Waveform design for low frequency tomography.
(pp. pp. 230-237).
IEEE: Piscataway, US.
There are multiple applications that would benefit from the ability to produce three dimensional, high resolution, imagery collected at low operating frequency; among them remote archeological survey of ruins through foliage, and searching for voids in collapsed structures and underground. High vertical resolution circular SAR requires the use of wide-to-ultra wideband waveforms, a problematic aspect in the modern RF spectral environment, particularly at lower frequencies. RF tomography offers the potential to yield high, 3-dimensional resolution using spectrally sparse, narrowband waveforms simultaneously with operation at frequencies that have demonstrated favorable penetration through intervening dielectric media. In this paper we explore this potential by evaluating minimal spatial support tomographic apertures combining diverse narrowband signals with the form (trajectory) of the monostatic collection aperture. Results are presented in terms of image quality metrics: those frequency combinations that jointly minimize peak and rms voxel sidelobe level, cardinal axis resolution length and voxel volume. It is shown that, generally, the frequency selection is a soft constraint in terms of the achievable resolution and image sidelobe levels; that the tomographic aperture with spatial sampling that is linearly continuous and substantially less than hemispherical yields high spatial resolution, and that there is interaction between the form/shape of the tomographic and the waveform set.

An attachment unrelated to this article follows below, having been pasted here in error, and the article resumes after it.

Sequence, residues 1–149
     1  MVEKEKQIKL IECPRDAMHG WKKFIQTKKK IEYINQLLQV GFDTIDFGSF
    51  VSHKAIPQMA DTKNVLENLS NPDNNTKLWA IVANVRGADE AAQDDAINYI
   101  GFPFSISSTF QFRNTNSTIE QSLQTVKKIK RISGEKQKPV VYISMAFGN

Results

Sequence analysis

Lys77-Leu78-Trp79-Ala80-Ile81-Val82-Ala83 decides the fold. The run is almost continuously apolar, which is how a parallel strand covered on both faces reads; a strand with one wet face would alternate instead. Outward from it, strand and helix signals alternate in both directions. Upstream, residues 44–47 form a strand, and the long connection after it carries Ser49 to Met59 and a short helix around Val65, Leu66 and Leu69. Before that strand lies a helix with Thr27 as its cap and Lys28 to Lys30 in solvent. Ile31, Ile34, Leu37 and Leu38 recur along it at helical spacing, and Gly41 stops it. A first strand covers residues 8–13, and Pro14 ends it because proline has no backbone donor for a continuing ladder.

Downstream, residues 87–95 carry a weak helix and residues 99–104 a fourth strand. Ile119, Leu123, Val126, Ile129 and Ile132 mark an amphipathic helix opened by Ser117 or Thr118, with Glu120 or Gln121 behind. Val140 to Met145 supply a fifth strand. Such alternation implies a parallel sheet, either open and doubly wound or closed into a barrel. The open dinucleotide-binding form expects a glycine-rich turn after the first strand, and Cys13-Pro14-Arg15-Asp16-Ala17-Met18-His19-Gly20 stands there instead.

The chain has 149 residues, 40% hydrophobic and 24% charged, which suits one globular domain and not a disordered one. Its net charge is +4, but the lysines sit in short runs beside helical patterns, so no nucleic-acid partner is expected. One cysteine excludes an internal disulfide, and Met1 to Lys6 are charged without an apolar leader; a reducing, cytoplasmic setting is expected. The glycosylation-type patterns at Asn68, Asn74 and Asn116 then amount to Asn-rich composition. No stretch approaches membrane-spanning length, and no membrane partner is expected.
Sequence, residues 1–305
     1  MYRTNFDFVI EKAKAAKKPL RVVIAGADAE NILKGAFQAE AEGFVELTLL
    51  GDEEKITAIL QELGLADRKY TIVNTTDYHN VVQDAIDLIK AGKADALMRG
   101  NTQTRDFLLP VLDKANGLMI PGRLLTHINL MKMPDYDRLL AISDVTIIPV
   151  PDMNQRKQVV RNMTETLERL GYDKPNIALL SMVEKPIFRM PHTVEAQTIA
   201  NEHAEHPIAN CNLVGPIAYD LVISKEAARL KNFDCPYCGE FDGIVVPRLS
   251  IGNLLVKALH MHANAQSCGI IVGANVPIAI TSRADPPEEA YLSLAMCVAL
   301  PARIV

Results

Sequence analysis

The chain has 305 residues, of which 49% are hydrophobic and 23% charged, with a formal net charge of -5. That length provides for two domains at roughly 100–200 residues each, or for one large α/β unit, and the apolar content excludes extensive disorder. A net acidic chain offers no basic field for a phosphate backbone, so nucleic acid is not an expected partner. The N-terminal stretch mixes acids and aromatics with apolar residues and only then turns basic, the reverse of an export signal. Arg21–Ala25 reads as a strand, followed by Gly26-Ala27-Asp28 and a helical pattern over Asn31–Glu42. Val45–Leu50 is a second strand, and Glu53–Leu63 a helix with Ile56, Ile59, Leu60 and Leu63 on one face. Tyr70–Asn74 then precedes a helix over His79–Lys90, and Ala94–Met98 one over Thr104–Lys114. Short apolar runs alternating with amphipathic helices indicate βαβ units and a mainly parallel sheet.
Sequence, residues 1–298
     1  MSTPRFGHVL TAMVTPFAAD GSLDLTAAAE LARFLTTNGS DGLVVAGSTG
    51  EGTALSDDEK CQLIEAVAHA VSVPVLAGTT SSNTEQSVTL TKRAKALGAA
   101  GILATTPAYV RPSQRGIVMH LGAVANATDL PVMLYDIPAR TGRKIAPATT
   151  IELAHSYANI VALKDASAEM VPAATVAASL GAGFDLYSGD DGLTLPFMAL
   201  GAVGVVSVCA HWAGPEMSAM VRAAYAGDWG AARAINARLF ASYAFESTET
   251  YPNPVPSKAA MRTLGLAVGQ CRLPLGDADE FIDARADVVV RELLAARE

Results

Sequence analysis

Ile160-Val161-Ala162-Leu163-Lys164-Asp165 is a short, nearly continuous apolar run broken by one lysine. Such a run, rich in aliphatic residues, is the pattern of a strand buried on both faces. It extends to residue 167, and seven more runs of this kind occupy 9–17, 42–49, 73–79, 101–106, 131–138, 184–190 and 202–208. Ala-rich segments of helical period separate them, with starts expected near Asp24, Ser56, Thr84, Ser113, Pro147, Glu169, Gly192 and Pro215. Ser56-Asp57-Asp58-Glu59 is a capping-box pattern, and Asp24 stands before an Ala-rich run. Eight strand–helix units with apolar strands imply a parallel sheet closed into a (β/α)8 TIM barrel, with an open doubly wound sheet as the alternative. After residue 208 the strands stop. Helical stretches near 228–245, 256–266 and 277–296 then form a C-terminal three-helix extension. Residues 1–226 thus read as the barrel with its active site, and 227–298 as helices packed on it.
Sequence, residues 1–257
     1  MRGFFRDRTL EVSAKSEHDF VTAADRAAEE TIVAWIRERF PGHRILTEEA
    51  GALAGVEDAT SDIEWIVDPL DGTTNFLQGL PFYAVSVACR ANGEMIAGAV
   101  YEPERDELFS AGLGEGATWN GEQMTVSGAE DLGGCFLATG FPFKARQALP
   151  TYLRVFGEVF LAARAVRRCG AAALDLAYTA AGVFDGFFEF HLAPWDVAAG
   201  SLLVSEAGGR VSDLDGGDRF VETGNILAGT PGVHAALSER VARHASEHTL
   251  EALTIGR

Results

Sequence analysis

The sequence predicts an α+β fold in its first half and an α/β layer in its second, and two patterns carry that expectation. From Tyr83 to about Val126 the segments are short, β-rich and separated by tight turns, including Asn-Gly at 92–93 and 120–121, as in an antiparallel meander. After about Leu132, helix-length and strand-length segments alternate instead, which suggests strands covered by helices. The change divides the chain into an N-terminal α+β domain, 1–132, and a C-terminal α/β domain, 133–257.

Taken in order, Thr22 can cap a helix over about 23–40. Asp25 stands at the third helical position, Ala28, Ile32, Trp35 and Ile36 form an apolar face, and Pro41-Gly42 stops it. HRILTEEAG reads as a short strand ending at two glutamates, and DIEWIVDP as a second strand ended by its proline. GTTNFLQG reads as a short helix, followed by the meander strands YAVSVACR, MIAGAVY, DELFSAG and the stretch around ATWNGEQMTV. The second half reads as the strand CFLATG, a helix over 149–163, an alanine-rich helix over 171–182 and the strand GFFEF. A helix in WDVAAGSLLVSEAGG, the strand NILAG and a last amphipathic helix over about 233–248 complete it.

|Title:||Waveform design for low frequency tomography|
|UCL classification:||UCL > School of BEAMS
UCL > School of BEAMS > Faculty of Engineering Science
Archive Staff Only